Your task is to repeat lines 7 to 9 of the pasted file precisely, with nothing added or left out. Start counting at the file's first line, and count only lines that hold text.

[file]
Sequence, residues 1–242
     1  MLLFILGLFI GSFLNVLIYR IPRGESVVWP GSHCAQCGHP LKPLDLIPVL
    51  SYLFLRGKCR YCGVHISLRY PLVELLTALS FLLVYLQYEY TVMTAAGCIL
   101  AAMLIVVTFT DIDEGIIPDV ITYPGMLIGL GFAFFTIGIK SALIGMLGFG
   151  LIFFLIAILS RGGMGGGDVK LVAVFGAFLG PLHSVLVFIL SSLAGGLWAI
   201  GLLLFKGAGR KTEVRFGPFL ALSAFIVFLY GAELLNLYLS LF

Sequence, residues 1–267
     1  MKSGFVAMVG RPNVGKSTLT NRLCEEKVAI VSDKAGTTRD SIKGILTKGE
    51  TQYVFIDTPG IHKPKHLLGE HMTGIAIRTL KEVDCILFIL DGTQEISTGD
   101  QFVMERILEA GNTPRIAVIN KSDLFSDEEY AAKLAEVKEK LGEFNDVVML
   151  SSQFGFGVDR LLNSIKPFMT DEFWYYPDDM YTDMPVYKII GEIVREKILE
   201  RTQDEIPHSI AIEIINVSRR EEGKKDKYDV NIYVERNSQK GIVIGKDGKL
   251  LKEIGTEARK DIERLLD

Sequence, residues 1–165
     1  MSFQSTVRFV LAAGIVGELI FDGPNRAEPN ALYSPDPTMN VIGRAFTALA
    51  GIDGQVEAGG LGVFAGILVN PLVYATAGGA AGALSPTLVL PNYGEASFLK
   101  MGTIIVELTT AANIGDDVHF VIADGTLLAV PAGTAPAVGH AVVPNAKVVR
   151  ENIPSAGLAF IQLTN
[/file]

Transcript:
Sequence, residues 1–267
     1  MKSGFVAMVG RPNVGKSTLT NRLCEEKVAI VSDKAGTTRD SIKGILTKGE
    51  TQYVFIDTPG IHKPKHLLGE HMTGIAIRTL KEVDCILFIL DGTQEISTGD